The original courthouse is where many of our ancestors received their
marriage licenses until 1826. The courthouse building stood for
years after the jail building was torn down. It was used as a meat
packing plant, and much of the meat was shipped down the river.
In 1998, Lillian Doane (the then official Dubois County Historian) copied
some Portersville Items from the Jasper Weekly Courier from 1858-1920
for this writer. Two of these items read: February 22, 1895, A FINE
HALL--Guild Lodge AOUW just fitted up, under lease, a fine hall in the
McCormich building at Portersville. The room is 26 X 37 feet has
a commodious entrance and ante room. The Workman dedicated it on
Wednesday night and had a pleasing program of music, addresses and a bountiful
supper in the hall. A good many ladies were in attendance and arranged
the table for the brothers, and helped in the singing. There was
an excellent choir of 4 gentlemen and 6 ladies and at supper there was
enough chicken, cakes and pies, as good as the best epicure would desire
to feed twice the 150 persons there. And: May 7, 1897, HELLO!!--Work began
Tuesday on the extension of the telephone from Haysville to Portersville,
and by next week the citizens of ye ancient county capital will be answering
to the cry of "Hello". There are several pages of these
Portersville Items (usually was a column a week in this weekly newspaper). The items are all on microfilm in the Dubois County Library for your pleasure
in the different issues.
Not all the businesses of Portersville are known, but during the course
of time, Portersville has had a shoe shop, post office, hotels (with a
place for plays, etc.), blacksmith shops, doctors office, wagon-spoke
shop, several general stores, saloons, barber shops, livery stable, butcher
shop, ice house, flour mill, telephone exchange, saw mill, Daniel Boone
Cannery, strawberry farm and hat shop. Portersville also had an active
band. Portersville was the home of the Straber-Harris GAR (Grand
Army of the Republic) Post #96, a Civil War Veterans organization.
You still can get some work done for you in Portersville. If you
have need of body repair for your truck or car, you can get that done
at Blaize's Body Shop (812-695-3581). For repair of small appliances,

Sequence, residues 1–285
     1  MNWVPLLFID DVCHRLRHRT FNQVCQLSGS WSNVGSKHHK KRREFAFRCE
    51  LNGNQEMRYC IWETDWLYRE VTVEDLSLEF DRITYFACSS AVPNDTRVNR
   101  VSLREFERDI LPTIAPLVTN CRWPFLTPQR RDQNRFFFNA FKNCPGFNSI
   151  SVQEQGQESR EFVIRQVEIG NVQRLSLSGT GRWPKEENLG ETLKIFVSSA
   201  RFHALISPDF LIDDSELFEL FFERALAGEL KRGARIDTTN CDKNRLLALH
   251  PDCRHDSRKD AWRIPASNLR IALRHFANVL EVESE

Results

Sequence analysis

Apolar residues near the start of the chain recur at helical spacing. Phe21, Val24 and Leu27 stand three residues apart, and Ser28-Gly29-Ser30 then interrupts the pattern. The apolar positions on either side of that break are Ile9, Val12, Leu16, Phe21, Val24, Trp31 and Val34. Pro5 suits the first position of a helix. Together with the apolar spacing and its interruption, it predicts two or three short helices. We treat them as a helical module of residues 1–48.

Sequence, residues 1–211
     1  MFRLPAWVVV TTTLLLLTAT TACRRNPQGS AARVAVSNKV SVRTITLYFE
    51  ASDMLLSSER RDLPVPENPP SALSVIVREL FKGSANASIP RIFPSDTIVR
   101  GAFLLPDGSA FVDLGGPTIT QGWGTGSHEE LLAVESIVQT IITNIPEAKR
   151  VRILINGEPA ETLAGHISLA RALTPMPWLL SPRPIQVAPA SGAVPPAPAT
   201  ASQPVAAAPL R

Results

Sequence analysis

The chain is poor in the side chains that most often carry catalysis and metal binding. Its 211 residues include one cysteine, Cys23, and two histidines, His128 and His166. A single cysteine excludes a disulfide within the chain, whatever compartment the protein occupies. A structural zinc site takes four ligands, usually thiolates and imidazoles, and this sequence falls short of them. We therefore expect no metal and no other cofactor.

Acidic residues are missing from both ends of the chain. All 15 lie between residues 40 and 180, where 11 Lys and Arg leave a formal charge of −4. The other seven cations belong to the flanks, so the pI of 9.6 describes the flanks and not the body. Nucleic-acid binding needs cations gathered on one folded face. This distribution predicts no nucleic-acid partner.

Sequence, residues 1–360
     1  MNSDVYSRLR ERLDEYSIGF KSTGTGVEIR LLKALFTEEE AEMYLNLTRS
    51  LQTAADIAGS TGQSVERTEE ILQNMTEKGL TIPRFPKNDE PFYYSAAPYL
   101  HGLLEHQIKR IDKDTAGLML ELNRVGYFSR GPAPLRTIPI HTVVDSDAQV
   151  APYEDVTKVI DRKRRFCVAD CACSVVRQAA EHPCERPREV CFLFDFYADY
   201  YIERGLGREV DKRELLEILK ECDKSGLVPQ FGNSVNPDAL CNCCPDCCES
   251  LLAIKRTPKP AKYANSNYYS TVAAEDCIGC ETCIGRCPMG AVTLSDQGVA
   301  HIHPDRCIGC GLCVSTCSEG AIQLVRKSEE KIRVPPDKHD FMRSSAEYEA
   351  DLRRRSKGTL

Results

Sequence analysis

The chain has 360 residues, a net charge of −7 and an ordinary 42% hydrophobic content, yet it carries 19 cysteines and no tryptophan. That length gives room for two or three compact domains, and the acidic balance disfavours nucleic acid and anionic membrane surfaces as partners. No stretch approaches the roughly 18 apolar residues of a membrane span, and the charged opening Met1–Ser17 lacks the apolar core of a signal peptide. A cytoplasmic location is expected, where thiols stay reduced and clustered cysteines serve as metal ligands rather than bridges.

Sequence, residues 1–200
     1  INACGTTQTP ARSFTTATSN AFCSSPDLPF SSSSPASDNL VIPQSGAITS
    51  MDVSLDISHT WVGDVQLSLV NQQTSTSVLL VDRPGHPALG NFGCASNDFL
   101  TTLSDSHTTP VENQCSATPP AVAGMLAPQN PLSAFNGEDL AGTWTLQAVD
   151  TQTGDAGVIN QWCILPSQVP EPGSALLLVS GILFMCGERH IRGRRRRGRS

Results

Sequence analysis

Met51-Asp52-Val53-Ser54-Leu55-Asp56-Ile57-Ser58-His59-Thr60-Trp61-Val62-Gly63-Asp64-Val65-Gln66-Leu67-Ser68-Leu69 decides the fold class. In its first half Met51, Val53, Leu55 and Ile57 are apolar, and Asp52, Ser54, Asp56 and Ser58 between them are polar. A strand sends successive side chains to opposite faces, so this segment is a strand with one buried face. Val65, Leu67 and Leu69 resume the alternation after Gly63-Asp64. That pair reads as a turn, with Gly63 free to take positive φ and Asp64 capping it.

etc., go to Fisher's Home Appliances Repairs (812-695-5241).
Portersville also had it's own semi-pro baseball team. From time
to time, over the course of 70 years, starting in the late 1800's, Portersville
fielded a team. For the most of those years, they were called the
Portersville Reds. Their best known days is when they fielded a
team for the Deer-Trail League. The league was well organized and
they played their games on Sunday afternoons. At that time the Rudolph's
"lent" the Reds land to play on.
An early ferry boat was operated by Henry Graham and others, including
Cyrenus Cox. In 1913, the present Portersville Bridge, between Dubois
County and Daviess County, was completed. A major flood came that
year and overflowed the bridge. The bridge had to be raised three feet
to prevent that happening again. A favorite story of the bridge
began when in September of 1911 "Dimp" Graves came to town as
the foreman of the Vincennes Bridge Company. His company was awarded
the contract to build the bridge for $17,250 (Dubois Countys part was
$7,750 and Daviess Countys part was $9,500). During the bridge building
Dimp met Dot Cox of the historical Cox family of Portersville. Dot
(Cox) Graves was the town historian. Dimp and Dot eventually got married.
The marriage was July 13, 1913 on the Dubois County side of the very bridge
that Dimp built. Dimp went on to build more bridges, but always
resided in Portersville. The irony of this particular wedding was
Dimp Graves actually had a hand in putting his father-in-law out of one
of his businesses. Cyrenus Cox had ran the Portersville Ferry for
may years prior to the advent of the Portersville Bridge.
This bridge has been condemned for some time and is closed. The
original bridge is still standing. It is proposed to build
a new Portersville Bridge somewhat east of the present bridge. So,
people of Portersville, watch your daughters as it pertains to bridge
foreman. History sometimes repeats itself.
The Portersville Community has an annual get together. Get in touch
with Mike Denk (812-695-5241) or Elsie Keller (812-695-2861) for details.